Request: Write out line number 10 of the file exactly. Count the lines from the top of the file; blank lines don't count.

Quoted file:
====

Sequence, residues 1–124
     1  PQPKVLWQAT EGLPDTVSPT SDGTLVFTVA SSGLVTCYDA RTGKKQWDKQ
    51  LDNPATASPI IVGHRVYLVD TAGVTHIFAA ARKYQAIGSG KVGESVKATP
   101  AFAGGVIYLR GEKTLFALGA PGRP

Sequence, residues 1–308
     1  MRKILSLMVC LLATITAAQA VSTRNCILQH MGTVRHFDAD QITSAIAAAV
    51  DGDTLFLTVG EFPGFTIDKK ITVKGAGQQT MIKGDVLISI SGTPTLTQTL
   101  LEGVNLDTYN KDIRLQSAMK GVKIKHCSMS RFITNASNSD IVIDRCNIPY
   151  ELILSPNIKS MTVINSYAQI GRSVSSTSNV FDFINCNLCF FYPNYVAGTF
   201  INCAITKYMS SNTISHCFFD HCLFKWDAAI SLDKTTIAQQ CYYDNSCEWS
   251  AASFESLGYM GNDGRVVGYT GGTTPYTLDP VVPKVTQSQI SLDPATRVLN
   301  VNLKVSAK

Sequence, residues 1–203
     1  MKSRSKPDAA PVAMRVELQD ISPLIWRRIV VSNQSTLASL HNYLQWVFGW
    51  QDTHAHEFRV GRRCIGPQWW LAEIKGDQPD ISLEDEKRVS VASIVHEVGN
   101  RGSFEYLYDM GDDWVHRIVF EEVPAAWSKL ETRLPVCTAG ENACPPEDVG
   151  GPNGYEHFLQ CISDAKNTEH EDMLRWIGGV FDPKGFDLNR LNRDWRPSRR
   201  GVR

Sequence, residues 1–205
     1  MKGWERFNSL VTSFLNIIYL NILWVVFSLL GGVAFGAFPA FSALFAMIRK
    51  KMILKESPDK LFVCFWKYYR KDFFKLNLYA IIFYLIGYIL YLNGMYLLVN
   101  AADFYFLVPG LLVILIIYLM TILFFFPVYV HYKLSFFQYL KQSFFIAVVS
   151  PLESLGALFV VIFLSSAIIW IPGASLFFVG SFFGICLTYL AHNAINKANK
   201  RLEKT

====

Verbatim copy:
   201  INCAITKYMS SNTISHCFFD HCLFKWDAAI SLDKTTIAQQ CYYDNSCEWS